Craniofacial microsomia (CFM) is the second most common birth defect of the face after cleft lip and palate. However, studies until now have low patient numbers. Patients with CFM typically have an asymmetrical face due to underdevelopment of one side of the face. They have for instance a smaller and/or abnormal shape of the lower jaw or the ears. This thesis includes the largest phenotypic epidemiology study and surgery study. Furthermore this study gives overview of the major shape changes in 3D instead of the classic 2D analysis. It is the first to describe cranial base changes in 3D within this patient group.
The most important findings were:
1. All patients with CFM should be screened for birth defects outside of the head and neck region.
2. The presentation of craniofacial microsomia is like a spectrum, a continuum of anomalies that coexist in all combinations and degrees of severity.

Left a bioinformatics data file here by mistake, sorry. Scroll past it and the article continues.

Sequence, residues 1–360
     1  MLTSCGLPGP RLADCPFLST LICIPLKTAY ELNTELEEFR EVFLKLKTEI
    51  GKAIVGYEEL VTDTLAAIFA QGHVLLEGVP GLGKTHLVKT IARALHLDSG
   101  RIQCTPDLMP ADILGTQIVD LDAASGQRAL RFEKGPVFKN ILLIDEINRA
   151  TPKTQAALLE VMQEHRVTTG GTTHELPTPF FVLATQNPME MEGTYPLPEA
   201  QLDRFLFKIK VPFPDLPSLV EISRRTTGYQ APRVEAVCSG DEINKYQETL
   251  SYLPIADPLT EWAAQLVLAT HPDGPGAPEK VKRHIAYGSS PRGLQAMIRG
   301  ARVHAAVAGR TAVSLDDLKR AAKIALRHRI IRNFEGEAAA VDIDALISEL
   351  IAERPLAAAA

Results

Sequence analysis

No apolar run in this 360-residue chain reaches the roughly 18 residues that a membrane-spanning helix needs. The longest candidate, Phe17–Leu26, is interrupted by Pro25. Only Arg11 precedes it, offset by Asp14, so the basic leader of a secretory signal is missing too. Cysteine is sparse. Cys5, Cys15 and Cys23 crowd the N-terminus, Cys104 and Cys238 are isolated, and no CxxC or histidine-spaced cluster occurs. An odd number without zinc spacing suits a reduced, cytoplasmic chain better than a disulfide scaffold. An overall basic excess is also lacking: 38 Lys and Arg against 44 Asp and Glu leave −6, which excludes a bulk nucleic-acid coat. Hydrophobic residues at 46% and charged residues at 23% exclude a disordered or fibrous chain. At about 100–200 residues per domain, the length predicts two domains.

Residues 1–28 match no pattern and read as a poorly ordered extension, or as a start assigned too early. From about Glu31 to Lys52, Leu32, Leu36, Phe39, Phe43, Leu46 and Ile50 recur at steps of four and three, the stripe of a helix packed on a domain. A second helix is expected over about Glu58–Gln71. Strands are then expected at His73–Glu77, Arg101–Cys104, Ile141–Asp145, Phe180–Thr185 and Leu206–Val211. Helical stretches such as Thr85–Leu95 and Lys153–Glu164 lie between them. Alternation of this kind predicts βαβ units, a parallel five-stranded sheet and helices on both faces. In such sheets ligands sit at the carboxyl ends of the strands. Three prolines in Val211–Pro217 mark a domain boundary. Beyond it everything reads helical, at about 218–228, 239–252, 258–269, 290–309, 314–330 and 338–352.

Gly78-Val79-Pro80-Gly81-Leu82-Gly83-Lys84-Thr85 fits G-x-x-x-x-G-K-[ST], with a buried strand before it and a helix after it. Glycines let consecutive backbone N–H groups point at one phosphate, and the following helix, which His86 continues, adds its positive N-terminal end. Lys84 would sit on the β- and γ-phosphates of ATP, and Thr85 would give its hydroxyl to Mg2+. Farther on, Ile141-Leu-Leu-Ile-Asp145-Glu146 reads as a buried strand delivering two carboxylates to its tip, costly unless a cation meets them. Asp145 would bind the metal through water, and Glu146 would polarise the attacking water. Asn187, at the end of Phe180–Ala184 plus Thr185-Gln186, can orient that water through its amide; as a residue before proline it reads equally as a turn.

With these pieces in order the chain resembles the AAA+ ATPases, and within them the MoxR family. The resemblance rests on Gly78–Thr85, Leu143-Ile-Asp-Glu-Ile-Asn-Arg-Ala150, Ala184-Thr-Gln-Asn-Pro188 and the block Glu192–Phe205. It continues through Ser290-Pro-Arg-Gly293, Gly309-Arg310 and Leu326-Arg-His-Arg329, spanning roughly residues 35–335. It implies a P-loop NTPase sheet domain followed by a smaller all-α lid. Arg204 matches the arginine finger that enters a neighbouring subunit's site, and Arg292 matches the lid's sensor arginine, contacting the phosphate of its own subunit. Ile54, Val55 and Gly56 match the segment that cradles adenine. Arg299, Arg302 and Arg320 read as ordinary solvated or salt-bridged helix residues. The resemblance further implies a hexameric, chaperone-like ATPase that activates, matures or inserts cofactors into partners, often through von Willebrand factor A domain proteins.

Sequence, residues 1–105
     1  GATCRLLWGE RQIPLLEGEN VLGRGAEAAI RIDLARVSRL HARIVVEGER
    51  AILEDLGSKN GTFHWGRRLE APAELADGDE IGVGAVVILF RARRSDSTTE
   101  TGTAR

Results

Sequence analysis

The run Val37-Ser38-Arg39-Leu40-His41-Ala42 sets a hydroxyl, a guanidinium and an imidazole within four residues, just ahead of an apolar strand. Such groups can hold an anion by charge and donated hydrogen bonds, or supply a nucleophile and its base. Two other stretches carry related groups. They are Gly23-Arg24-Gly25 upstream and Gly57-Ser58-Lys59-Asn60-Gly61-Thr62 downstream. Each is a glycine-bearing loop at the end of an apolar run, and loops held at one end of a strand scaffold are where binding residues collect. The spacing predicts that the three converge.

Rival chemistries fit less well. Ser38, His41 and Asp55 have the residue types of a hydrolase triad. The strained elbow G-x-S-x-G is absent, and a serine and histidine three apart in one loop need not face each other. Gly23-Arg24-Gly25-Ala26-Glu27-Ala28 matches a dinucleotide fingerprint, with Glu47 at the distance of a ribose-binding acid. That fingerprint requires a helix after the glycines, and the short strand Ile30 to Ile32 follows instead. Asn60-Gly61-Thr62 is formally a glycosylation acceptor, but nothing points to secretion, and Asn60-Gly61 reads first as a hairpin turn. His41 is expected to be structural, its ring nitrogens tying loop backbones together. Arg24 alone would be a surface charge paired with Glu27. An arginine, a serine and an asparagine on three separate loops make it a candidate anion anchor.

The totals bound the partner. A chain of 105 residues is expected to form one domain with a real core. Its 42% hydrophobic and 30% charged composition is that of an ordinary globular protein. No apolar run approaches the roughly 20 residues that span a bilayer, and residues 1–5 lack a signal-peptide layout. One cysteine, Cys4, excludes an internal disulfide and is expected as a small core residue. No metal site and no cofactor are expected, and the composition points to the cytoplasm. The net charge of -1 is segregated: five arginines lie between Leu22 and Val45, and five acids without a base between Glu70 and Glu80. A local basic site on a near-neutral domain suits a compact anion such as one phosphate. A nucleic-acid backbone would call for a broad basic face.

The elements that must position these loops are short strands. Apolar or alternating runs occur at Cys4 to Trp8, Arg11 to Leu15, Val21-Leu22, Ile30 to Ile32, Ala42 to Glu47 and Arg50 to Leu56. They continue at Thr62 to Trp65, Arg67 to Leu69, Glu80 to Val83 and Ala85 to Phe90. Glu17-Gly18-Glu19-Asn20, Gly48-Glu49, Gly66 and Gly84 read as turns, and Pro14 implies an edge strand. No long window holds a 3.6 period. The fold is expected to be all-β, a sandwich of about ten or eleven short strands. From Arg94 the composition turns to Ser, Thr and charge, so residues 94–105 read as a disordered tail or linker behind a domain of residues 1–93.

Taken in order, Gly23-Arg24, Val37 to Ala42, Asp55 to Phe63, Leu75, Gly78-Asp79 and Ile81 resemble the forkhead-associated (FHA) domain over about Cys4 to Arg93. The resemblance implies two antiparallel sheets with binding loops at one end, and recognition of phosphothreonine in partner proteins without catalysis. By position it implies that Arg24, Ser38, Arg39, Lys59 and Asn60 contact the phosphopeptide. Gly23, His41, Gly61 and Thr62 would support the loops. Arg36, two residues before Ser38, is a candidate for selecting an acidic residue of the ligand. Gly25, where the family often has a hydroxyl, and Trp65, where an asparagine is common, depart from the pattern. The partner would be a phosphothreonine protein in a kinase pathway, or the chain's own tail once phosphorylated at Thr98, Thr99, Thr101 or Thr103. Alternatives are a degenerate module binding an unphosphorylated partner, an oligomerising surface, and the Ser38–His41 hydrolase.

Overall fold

3. Craniofacial microsomia is never truly unilateral.
4. Nearly 80% of all patients with CFM, regardless of the severity of presentation, will undergo some form of surgery throughout their life.
5. Early surgical correction of lower jaw deformities in patients with CFM is associated with significantly more corrective procedures later in life.

Additional Metadata
Keywords Craniofacial microsomia, Congenital deformity, Oral- and Maxillofacial surgery, Plastic surgery, reconstructive surgery
Promotor E.B. Wolvius (Eppo) , M.J. Koudstaal (Maarten)
Publisher Erasmus University Rotterdam
ISBN 978-94-6380-426-4
Persistent URL
Pluijmers, B.I. (2019, September 11). On Craniofacial Microsomia shape and surgery. Erasmus University Rotterdam. Retrieved from